A Hindu temple in the heart of emergency housing motels on Fenton St in Rotorua is being forced to close during the week following safety concerns as well as a shortage of priests.
Shoes have been pinched from prayer-goers and rotten food and eggs have been thrown inside the temple.
Temple co-ordinator Vijay Patel said security cameras at the front of the premises had been stolen and locals who used it sometimes felt "intimidated" when parking their vehicles.
The temple was also struggling to find priests nationwide since international borders closed and the tightening of immigration so a decision was made to move Rotorua's priest to Christchurch.
It is hoped the temple can open again in the coming years once more priests are found and tighter safety measures are put in place.
The temple has been operating on Fenton St since 2015 and, until last week, was open for anyone to visit between 8am and 11.30am and 4pm and 8pm Monday to Friday.
However, it is now open only on Sundays between 3pm and 8pm.
Patel said the closure was cemented with the lack of priests available in New Zealand.
He said the organisation, known as Baps Shri Swaminarayan Mjandir group, had five temples in New Zealand but now had only four priests. The Rotorua temple is the only one in the central North Island.
He said the organisation made the decision to move the Rotorua priest to Christchurch given the safety concerns locally and to plug the gap that was in the South Island.
He was confident in the coming years it could re-open to full service to the more than 100 people who used it.
He said shoes couldn't be worn inside the temple but sadly some people's shoes that were left in the porch area had been stolen.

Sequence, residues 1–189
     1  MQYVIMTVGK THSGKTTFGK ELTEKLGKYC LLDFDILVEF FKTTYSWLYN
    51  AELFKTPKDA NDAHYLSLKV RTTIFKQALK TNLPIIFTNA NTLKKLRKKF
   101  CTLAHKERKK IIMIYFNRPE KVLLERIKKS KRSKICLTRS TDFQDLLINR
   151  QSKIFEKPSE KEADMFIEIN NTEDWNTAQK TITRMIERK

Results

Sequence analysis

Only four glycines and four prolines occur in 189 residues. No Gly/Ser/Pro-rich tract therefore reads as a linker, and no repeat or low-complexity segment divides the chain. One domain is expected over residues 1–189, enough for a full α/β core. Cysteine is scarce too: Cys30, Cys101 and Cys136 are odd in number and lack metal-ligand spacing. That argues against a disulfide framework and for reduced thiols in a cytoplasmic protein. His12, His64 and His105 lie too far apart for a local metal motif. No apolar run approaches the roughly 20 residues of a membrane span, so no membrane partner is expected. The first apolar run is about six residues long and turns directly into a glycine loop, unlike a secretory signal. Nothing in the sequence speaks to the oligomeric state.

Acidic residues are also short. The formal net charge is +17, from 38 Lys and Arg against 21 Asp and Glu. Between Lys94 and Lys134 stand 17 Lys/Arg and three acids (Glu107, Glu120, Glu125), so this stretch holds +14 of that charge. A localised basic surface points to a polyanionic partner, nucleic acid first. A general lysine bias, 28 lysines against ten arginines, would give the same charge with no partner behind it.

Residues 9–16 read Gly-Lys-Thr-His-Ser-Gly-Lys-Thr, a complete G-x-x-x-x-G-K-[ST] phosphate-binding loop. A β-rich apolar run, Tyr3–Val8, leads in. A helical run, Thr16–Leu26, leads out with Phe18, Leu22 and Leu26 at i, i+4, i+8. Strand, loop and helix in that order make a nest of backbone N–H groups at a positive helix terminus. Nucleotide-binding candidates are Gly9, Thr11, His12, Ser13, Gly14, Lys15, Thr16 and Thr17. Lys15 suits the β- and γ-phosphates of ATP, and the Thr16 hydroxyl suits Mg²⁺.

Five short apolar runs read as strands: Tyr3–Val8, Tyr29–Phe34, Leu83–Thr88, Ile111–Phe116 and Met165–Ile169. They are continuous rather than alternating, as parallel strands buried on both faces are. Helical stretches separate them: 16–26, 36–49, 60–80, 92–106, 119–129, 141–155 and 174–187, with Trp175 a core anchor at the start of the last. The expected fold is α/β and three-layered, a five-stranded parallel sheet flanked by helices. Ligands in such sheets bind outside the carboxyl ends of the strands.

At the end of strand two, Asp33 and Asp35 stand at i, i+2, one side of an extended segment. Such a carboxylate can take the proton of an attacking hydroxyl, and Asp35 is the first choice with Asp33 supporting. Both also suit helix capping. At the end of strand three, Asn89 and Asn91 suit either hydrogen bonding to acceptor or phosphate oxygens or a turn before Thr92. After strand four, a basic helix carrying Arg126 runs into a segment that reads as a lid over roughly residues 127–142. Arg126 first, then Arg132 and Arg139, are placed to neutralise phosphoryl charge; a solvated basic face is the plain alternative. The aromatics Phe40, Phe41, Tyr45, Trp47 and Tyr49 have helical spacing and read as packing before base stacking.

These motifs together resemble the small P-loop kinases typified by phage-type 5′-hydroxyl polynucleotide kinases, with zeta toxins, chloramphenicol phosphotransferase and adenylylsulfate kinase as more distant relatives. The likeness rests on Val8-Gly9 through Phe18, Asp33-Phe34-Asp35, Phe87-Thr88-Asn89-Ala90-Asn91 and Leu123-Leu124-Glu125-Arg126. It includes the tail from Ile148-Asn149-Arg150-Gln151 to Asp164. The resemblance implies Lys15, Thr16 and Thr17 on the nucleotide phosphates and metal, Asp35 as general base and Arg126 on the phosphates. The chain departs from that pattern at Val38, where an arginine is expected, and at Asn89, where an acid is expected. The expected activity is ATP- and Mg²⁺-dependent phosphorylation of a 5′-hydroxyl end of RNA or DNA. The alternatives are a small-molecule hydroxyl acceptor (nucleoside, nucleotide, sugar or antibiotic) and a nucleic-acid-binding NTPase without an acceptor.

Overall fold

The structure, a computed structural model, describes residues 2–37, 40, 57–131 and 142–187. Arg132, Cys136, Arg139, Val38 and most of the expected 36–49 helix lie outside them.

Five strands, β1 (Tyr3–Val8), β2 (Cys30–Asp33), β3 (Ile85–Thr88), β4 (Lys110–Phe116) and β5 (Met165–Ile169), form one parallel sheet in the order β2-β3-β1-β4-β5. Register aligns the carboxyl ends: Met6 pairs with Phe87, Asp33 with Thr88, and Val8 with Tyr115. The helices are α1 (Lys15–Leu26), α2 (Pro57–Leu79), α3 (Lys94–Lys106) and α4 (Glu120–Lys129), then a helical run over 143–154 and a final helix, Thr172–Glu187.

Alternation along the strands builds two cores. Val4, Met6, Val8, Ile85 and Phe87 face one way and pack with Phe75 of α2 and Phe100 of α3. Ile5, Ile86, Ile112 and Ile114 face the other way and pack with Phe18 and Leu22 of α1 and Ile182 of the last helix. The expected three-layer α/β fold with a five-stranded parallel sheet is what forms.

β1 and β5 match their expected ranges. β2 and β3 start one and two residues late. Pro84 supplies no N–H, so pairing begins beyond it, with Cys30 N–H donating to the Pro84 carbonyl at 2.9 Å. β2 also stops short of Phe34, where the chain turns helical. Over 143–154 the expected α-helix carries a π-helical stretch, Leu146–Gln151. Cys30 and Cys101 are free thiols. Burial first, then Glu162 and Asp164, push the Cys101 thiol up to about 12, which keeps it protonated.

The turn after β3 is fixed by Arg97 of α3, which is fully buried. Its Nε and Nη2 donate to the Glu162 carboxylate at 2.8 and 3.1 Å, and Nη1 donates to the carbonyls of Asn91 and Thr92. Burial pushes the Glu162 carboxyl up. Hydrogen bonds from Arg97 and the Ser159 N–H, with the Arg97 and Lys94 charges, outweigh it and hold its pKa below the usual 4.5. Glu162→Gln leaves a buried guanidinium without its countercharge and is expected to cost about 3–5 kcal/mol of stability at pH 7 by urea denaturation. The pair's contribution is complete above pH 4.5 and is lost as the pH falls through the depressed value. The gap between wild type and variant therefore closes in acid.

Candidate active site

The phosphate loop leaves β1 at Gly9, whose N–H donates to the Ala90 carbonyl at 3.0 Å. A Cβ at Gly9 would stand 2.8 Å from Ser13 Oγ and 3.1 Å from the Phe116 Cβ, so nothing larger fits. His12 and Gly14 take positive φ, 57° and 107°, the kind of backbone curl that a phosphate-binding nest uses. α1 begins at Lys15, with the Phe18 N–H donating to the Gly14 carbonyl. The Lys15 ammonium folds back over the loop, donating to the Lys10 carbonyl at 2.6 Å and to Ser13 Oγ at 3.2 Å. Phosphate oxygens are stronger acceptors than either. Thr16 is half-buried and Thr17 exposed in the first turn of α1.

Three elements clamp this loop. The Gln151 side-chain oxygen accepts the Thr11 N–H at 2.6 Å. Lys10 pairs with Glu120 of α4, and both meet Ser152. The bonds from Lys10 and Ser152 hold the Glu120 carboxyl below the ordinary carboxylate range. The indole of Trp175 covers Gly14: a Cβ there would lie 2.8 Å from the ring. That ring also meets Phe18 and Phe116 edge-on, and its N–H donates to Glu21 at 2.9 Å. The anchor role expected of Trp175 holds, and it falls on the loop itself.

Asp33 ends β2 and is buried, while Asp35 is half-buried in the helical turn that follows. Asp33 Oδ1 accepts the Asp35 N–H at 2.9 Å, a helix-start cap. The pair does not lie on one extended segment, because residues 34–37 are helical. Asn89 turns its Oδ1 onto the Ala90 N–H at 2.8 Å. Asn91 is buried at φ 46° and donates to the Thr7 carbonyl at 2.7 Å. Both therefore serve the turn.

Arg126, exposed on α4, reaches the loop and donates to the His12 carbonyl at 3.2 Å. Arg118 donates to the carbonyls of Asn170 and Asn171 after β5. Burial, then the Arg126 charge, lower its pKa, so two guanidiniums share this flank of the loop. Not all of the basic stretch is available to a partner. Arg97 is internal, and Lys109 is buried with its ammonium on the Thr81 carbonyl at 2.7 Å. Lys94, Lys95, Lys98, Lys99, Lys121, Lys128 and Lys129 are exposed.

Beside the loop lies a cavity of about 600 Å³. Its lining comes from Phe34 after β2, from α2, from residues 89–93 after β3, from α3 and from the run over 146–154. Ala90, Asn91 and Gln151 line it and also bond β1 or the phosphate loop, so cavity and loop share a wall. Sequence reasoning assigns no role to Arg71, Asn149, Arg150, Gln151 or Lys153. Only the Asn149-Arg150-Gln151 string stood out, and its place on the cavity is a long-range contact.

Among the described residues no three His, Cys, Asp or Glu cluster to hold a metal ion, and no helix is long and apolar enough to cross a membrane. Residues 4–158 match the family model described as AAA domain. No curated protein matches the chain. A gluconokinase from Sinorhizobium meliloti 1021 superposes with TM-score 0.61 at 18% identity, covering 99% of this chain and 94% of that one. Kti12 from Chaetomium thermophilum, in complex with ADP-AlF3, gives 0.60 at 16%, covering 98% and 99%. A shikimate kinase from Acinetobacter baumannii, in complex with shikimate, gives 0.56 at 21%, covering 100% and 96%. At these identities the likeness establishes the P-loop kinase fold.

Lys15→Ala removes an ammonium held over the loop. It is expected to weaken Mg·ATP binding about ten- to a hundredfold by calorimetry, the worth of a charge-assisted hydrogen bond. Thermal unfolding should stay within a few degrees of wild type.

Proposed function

He said there had been other reports of the temple being vandalised by people standing on the footpath and throwing rotten food and eggs.
"There is something always happening there."
Patel said they understood it was a difficult time in Rotorua, not only for the homeless people who found themselves living in the Fenton St area, but also for the tourism operators trying to survive without international visitors.
"There are also families around Fenton Park and Glenholme struggling with what's happening."
Safety has been a major concern for people in the area since the influx of people needing emergency housing started living in the motels.
Resident groups have complained to the Rotorua Lakes Council and police about an increase in crime and disorder in the area.
Rotorua mayor Steve Chadwick has expressed her concerns about the situation in letters to Social Development Minister Carmel Sepuloni, the contents of which were made public in June following an Official Information Act request.
In the letters Chadwick said the community was suffering due to drug use, violent behaviour, vandalism and other anti-social behaviours near the motels and there was a perception those living in emergency accommodation were "destroying our city and its reputation".
Businesses in the vicinity of the emergency housing motels upped their security with large fences now erected around a church, school and other motels.
Rotorua police acting area commander Inspector Ewan Dunsmuir said police were unaware of reports of shoes being stolen.
"Our deployment is made from information we know, and so we encourage the public of Rotorua to report crime, where they have been victimised, no matter how insignificant they think it is."
He said police patrolled all over Rotorua to address demand and provide community reassurance.
"Police do deploy to Fenton Park, Victoria, Glenholme on an as and when basis, in addition to routine preventative patrols."
The two-storey 600sq m temple features five domes and an ornately hand-carved front door imported from India. Inside, there are dining and kitchen facilities and the priest lived onsite.